After removing two teeth to retrieve a combination to a locked door, Dagen reaches Joyce and is forced to drive two hooks through his pectoral muscles, the trap he claimed to survive, then hoist himself up by the chains to deactivate her trap. However, the hooks rip through his muscles and he falls to the ground, and a brazen bull capsule slams shut around Joyce and burns her alive. Moments after Hoffman destroys his workshop, he is attacked and captured by three Pighead-masked figures and the leader reveals himself as Lawrence Gordon. Flashbacks reveal that John Kramer (Tobin Bell) found Gordon by the steam pipe and helped him recover, and Gordon had worked in secret with John ever since. Tasked to watch over Jill after John's death and to take action if anything happened to her, Gordon brings Hoffman to the bathroom from the first film and shackles him by the ankle. He throws away the hacksaw he had once sawed off his foot with, then leaves Hoffman to die.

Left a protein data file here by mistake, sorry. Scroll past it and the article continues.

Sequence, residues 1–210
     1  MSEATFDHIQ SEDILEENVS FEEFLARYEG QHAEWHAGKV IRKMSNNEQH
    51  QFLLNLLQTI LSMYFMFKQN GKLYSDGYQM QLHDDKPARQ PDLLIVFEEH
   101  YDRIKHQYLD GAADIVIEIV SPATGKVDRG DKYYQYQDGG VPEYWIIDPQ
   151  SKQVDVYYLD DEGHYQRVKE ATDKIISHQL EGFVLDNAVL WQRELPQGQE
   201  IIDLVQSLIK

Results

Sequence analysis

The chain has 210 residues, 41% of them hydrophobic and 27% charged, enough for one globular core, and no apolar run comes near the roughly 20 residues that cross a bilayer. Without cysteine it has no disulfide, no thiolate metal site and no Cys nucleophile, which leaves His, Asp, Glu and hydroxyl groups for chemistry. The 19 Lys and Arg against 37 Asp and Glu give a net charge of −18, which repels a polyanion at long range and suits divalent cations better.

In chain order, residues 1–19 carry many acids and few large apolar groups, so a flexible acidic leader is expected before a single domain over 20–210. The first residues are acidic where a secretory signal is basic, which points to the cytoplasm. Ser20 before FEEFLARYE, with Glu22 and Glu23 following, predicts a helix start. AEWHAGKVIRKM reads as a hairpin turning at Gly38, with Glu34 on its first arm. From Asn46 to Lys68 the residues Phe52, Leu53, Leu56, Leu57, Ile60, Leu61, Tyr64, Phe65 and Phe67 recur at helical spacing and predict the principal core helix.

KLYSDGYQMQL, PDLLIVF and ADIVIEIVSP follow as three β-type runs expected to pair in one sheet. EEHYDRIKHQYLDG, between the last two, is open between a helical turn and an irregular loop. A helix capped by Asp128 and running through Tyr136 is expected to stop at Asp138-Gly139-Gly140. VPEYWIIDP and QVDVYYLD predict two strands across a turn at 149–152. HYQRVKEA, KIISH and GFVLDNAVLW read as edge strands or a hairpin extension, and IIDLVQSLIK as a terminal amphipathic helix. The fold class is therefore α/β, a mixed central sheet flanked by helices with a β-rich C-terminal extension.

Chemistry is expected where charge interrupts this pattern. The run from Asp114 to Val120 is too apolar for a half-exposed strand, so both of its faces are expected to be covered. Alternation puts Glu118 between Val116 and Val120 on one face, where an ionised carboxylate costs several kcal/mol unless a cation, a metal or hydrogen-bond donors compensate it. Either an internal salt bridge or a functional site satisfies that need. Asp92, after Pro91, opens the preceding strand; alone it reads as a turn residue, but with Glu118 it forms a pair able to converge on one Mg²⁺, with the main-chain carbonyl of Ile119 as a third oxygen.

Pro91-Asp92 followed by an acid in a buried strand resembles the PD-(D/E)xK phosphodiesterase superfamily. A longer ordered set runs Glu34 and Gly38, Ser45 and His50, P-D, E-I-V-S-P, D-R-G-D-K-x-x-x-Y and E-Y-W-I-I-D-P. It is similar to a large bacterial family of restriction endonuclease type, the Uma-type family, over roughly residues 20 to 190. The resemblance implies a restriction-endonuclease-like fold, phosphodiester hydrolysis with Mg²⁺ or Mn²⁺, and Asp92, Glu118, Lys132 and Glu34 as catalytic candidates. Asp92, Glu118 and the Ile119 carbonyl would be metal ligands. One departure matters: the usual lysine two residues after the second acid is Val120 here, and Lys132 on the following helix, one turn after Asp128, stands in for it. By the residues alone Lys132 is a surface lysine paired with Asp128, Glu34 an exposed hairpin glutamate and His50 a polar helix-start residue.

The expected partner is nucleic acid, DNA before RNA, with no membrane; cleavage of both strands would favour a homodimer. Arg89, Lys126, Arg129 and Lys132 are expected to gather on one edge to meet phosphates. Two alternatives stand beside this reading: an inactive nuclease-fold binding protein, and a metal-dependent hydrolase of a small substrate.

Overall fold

As with the previous four Saw films, Saw 3D was not screened in advance for critics. The film received largely negative reviews from film critics. Review aggregation website Rotten Tomatoes reports that 10% of 67 critics have given the film a positive review, with a rating average of 3.1 out of 10, making it the poorest reviewed film in the series. Metacritic, which assigns a weighted average score out of 100 to reviews from mainstream critics, gives the film a rating score of 24, based on 17 reviews. CinemaScore polls reported that the average grade moviegoers gave the film was a "B-minus" on an A+ to F scale.